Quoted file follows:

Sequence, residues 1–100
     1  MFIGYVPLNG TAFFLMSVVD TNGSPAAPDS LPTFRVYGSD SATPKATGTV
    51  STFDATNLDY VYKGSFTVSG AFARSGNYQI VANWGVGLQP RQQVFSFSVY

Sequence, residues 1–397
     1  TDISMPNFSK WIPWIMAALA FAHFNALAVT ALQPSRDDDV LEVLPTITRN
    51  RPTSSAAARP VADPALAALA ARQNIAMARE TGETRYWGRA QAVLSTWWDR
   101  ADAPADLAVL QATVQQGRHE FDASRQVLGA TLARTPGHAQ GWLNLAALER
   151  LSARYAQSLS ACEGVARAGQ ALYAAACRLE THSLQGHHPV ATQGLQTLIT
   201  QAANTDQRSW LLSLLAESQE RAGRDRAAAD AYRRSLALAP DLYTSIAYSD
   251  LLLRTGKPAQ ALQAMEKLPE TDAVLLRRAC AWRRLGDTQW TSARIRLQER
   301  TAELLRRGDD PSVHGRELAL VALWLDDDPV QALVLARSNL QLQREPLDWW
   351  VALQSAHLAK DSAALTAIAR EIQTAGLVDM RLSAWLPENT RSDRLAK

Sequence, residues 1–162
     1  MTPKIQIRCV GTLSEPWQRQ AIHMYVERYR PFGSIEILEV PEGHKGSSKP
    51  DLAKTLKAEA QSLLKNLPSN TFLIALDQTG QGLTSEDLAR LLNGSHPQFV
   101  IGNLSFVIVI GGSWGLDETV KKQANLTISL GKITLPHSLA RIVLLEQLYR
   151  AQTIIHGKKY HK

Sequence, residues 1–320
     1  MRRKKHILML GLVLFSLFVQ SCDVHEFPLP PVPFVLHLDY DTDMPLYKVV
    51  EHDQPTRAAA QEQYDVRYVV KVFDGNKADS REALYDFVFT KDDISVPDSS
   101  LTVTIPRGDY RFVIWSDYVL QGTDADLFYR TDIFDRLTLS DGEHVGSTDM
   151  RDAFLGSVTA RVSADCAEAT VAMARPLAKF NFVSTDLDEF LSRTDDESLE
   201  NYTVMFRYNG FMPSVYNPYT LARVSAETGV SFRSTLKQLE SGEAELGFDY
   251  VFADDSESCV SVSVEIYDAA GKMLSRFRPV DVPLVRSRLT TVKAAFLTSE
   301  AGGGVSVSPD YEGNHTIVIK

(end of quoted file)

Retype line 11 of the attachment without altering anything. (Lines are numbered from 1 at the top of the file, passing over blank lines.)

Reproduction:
   301  TAELLRRGDD PSVHGRELAL VALWLDDDPV QALVLARSNL QLQREPLDWW